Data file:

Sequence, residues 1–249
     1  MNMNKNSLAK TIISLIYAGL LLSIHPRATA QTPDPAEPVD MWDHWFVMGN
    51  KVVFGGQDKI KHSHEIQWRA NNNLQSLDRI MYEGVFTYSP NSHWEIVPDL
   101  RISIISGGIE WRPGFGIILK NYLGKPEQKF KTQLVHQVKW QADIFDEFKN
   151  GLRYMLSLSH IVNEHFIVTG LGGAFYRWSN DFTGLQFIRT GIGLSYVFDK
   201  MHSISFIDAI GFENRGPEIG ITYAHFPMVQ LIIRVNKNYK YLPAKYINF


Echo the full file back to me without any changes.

Sequence, residues 1–249
     1  MNMNKNSLAK TIISLIYAGL LLSIHPRATA QTPDPAEPVD MWDHWFVMGN
    51  KVVFGGQDKI KHSHEIQWRA NNNLQSLDRI MYEGVFTYSP NSHWEIVPDL
   101  RISIISGGIE WRPGFGIILK NYLGKPEQKF KTQLVHQVKW QADIFDEFKN
   151  GLRYMLSLSH IVNEHFIVTG LGGAFYRWSN DFTGLQFIRT GIGLSYVFDK
   201  MHSISFIDAI GFENRGPEIG ITYAHFPMVQ LIIRVNKNYK YLPAKYINF